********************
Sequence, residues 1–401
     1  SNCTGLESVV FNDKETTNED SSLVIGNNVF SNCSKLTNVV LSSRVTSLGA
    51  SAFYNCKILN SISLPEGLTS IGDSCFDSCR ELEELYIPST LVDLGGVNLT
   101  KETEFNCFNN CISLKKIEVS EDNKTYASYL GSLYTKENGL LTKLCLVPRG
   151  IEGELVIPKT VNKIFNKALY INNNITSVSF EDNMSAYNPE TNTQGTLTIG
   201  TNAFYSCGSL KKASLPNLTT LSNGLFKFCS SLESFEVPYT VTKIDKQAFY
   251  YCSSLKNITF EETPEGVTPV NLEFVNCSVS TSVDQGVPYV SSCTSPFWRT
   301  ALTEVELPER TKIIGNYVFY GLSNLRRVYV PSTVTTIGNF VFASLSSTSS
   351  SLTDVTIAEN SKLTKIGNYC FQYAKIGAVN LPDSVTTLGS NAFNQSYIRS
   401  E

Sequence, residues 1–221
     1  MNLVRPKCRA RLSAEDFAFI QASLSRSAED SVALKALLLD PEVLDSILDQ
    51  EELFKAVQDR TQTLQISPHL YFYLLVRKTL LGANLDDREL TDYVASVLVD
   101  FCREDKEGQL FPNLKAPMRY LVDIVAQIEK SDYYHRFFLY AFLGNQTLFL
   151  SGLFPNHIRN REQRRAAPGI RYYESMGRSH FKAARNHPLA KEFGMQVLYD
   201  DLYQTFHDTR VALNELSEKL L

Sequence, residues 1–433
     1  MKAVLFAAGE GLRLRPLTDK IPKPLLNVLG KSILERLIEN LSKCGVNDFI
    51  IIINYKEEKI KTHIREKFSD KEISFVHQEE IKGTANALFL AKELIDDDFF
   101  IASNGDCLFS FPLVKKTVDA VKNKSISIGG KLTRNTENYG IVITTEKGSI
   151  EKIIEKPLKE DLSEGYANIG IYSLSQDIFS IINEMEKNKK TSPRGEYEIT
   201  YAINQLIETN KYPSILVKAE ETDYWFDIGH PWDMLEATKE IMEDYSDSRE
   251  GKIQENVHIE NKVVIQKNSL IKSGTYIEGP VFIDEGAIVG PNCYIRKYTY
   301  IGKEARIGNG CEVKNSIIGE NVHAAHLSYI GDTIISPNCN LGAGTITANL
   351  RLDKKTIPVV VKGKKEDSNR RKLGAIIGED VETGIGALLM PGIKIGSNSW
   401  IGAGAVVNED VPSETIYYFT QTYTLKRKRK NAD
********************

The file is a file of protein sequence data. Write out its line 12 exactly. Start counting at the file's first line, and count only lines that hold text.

     1  MNLVRPKCRA RLSAEDFAFI QASLSRSAED SVALKALLLD PEVLDSILDQ